- Should you make an opening statement?
It may be appropriate to give an opening statement to allow you to get on the front foot and say what you want to say without interruption. Most Select Committees seem to allow a short opening statement, but you would need to ask the permission of the Chair.
An opening statement provides an opportunity to set the tone and – if appropriate – to say sorry early on. On Tuesday, Lisa Wilkinson did not make an opening statement. Instead, she was invited to apologise. She expressed her “devastation” (and in effect apologised), but this was not judged to be sufficiently contrite, and she eventually used the word the Select Committee was after. It would have been better to have said sorry straightaway in a statement.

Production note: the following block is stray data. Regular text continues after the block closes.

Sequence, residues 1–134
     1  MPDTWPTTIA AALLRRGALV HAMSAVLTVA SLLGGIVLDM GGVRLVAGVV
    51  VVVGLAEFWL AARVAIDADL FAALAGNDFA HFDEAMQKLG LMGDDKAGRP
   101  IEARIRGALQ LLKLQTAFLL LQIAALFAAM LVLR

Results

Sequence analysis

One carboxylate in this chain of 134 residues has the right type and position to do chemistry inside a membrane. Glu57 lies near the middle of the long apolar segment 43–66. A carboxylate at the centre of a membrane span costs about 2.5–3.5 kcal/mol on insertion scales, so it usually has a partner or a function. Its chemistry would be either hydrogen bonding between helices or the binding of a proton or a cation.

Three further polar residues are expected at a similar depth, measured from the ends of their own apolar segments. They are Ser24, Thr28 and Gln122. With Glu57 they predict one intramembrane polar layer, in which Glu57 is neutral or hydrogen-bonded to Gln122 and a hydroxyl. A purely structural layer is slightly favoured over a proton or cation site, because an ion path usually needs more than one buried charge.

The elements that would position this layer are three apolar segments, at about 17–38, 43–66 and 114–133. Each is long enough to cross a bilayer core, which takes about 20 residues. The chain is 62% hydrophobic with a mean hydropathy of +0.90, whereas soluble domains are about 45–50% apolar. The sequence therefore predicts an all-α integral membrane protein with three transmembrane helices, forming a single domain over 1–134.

- Know your numbers
It is vitally important to have the key figures at your fingertips and to be able to recall them quickly: profit, dividends, pay and pensions. While Lisa Wilkinson did eventually explain the profit and dividend figures for 2014-2022, the Select Committee preferred to use broad brush figures from either 2003-2022 or 2019-2022 to paint the picture of corporate greed they wanted.
Ms Wilkinson’s detailed comparison of dividends, pension contributions and investment (which showed significantly greater pension contributions and investment than dividends) did not cut through, and she was forced onto the back foot by the vague figures thrown at her.
- Prepare and practise